In another embodiment of the invention, a digital data processor controls a waveform generator to produce an analog clutter estimate signal. The analog amplifier summer unit subtracts the analog clutter estimate from the radar waveform to reduce the dynamic range requirement of the analog to digital converter.

It is an object of the present invention to reduce the dynamic range of radar echo return signals before they are converted into a digital representation.

It is another object of the present invention to use digital signal processing techniques to produce an MTI signal for a radar display system.

These objects together with other objects, features and advantages of the invention will become more readily apparent from the following detailed description when taken in conjunction with the accompanying drawings wherein like elements are given like reference numerals throughout.

DESCRIPTION OF THE DRAWINGS

FIG. 1 is a block diagram of the elements of a moving target indication radar system;

FIG. 2 is an illustration of the basic elements of an analog delay line used in the system of FIG. 1;

FIG. 3 is a block diagram of some of the elements of an MTI radar with a digital delay line canceller;

FIG. 4 is a schematic of a nonrecursive digital filter for MTI radar applications;

FIG. 5 is a block diagram of an analog MTI canceller with a digital delay line;

FIG. 6 is a block diagram of a recursive MTI canceller;

FIG. 7 is a block diagram of a recursive analog MTI canceller with a digital delay line; and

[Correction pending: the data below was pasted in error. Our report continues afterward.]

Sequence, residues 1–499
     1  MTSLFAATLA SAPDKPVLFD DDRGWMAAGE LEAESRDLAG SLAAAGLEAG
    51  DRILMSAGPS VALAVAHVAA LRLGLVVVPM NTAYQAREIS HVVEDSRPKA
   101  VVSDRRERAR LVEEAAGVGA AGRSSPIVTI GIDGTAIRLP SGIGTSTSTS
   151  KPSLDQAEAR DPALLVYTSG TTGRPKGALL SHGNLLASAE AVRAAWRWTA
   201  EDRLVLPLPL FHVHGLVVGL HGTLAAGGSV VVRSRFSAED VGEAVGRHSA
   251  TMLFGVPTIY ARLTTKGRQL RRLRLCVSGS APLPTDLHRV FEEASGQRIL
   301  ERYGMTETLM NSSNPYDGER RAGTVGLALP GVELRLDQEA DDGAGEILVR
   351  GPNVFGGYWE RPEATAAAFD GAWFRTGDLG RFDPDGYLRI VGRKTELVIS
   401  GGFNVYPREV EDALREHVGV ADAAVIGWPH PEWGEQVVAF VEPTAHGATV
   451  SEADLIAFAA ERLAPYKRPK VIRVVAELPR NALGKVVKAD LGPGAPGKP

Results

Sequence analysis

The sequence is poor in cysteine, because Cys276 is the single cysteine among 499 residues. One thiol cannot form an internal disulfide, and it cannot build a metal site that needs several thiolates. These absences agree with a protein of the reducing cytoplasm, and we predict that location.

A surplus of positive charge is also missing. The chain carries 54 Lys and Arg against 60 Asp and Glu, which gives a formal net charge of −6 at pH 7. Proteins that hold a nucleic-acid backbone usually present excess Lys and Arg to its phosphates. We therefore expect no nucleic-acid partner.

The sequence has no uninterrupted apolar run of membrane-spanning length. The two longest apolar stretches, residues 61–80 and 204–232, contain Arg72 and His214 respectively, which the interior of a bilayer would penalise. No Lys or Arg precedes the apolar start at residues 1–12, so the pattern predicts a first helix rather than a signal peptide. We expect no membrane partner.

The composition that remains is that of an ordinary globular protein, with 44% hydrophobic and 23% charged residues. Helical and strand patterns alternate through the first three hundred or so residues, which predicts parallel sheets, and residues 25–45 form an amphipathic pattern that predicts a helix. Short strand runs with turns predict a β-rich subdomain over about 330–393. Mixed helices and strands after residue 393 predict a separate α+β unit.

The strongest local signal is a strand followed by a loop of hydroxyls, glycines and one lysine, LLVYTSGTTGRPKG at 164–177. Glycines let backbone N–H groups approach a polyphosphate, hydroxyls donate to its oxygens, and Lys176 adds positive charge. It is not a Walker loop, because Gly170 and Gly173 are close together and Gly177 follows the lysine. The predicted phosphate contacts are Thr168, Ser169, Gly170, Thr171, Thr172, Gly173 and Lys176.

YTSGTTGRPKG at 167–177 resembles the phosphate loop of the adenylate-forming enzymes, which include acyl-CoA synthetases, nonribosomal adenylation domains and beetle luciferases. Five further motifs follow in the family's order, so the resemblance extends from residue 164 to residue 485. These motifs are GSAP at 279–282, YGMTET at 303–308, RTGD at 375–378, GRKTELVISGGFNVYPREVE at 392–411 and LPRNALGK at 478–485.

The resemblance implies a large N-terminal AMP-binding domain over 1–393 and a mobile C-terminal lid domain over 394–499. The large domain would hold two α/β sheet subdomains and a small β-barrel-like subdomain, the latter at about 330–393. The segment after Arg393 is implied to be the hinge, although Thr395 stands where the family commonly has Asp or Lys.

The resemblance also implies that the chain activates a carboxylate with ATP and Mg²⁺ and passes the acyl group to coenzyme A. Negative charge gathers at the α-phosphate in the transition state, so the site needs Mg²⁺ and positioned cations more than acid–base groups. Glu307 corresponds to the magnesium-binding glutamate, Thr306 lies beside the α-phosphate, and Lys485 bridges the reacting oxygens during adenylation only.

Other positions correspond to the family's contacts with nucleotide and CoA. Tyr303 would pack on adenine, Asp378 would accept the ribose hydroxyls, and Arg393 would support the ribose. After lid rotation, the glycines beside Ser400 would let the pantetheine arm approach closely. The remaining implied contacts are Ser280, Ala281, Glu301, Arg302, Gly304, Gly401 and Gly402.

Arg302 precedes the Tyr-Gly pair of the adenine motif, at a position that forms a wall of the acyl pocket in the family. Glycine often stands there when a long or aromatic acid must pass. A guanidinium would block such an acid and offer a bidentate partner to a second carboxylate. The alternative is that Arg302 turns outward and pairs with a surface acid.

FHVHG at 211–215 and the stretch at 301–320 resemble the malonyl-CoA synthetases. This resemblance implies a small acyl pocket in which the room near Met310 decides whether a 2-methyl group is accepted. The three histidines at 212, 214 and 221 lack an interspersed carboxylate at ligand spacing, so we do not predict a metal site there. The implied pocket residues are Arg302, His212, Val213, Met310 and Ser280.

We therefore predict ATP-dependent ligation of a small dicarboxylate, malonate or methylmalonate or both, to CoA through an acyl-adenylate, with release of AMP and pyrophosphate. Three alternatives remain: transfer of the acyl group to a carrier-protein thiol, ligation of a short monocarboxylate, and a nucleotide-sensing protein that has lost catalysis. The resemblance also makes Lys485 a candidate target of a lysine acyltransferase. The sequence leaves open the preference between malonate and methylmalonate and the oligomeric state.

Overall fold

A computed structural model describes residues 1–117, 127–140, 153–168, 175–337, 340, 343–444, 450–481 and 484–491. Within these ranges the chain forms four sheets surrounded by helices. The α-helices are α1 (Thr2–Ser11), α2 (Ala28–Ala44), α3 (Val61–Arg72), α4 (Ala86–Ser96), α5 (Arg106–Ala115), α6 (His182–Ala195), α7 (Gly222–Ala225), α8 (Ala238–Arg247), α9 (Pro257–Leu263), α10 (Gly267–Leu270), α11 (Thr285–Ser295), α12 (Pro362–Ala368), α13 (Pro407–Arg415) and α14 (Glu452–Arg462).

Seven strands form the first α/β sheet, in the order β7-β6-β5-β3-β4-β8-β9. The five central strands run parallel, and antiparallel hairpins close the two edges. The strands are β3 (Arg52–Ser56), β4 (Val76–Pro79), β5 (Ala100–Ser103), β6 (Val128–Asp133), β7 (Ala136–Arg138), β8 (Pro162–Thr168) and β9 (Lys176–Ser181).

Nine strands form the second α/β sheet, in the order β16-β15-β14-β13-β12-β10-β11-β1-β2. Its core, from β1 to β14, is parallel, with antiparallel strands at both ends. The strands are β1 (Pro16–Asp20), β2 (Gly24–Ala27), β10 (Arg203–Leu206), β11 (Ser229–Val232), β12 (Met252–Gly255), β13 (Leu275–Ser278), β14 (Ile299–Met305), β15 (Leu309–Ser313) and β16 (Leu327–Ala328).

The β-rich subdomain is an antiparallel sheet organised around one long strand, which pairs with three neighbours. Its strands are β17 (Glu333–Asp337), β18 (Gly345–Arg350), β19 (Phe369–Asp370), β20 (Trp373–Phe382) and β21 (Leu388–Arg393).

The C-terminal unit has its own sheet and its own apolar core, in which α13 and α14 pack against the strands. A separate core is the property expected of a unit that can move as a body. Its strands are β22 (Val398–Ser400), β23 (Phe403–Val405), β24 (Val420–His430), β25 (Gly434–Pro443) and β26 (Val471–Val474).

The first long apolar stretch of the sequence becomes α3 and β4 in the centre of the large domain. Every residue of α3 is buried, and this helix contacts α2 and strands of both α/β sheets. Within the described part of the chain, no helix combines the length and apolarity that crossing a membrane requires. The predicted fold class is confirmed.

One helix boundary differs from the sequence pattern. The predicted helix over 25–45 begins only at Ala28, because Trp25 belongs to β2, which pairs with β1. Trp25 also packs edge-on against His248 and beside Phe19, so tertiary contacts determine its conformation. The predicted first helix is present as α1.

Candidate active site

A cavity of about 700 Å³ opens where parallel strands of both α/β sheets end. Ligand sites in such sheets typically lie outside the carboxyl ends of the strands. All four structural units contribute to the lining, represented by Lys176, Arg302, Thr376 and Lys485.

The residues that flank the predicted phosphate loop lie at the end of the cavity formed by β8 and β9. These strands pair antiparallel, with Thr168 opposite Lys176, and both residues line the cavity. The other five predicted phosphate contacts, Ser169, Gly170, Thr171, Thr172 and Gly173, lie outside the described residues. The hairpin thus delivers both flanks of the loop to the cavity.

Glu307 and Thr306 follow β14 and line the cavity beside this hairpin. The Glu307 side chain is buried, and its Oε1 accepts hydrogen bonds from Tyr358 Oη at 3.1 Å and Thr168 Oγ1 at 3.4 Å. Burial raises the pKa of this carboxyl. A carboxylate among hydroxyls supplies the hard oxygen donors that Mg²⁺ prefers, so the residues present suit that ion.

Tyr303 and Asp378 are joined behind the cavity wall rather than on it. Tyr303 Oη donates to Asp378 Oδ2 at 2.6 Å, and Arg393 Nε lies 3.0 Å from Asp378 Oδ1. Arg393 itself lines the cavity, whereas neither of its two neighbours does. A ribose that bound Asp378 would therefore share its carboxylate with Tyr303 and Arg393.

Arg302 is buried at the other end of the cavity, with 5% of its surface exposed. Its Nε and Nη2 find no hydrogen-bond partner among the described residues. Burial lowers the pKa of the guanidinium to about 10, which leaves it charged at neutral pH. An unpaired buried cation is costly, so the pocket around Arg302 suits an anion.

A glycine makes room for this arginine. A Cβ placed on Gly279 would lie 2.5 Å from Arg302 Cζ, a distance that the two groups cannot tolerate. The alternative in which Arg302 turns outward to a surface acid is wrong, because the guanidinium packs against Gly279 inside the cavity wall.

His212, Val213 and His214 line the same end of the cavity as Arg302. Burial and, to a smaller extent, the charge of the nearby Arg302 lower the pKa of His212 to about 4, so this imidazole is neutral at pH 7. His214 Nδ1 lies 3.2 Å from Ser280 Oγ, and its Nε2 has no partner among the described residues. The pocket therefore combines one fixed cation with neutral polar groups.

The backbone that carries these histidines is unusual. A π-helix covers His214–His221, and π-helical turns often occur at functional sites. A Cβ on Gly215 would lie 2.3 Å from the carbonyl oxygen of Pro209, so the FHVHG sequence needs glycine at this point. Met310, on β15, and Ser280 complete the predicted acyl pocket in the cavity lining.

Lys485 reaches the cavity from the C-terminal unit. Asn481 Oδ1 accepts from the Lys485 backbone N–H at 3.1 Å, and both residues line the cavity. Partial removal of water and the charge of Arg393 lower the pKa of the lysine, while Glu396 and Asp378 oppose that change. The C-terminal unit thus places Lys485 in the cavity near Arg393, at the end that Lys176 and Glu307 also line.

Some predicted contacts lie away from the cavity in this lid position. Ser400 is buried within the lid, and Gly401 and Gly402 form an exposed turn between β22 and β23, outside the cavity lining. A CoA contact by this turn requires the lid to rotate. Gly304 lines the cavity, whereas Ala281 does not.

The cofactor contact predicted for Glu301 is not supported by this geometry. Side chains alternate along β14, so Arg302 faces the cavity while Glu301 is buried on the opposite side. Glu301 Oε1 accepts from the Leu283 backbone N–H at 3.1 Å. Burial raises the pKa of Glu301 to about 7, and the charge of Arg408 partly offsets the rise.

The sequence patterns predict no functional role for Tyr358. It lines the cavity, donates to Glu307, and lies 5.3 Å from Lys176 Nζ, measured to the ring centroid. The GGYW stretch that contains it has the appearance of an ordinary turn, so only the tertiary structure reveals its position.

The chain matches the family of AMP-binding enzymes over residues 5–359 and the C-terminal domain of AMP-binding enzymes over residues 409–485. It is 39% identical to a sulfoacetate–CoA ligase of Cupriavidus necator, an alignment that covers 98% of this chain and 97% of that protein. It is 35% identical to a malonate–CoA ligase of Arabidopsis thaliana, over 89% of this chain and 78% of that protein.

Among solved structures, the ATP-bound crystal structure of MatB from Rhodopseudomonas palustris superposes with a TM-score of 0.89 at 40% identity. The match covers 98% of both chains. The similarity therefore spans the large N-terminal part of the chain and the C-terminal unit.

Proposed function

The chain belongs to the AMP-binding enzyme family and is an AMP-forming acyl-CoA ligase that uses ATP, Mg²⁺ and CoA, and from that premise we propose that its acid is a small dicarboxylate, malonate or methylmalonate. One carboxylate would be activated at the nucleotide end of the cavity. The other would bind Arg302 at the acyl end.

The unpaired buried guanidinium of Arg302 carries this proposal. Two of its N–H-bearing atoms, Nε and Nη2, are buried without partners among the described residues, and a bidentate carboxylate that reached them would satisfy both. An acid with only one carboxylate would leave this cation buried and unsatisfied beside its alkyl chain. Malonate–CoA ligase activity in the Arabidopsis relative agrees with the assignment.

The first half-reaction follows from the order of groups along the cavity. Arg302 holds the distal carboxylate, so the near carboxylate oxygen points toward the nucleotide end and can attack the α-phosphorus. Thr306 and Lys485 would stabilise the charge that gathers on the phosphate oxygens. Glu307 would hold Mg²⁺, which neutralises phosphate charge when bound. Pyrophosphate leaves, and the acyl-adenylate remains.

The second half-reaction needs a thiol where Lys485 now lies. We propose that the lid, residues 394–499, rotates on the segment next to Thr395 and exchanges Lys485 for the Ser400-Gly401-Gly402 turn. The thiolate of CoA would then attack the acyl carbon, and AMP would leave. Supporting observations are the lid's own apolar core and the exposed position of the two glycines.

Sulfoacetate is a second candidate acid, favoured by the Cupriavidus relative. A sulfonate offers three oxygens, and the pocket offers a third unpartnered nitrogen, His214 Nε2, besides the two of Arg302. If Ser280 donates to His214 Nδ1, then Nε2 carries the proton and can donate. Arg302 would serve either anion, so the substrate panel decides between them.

FIG. 8 is a block diagram of the hybrid clutter cancellation system of the present invention.

DETAILED DESCRIPTION OF THE PREFERRED EMBODIMENT

The present invention is a hybrid clutter cancellation system for improving the performance of a radar system by reducing signal dynamic range prior to analog to digital conversion, through analog clutter cancellation. The present invention provides increased target detection probability for a given false alarm rate in severe clutter environments.

The reader's attention is now directed towards FIG. 1, which is an illustration of an analog moving target indication (MTI) radar receiver with a delay line canceller. MTI systems are discussed in texts such as M. Skolnik's "Introduction to Radar Systems" published by McGraw Hill in New York in 1980, the disclosure of which is specifically incorporated by reference. The purpose of an MTI radar is to display primarily information about moving targets. The system of FIG. 1 extracts the moving target echo from the clutter echo by subtracting an echo return signal from a delayed echo return signal to eliminate signals from unchanging sources of radar return signals. Unchanged sources of radar return signals have not moved over the delay period.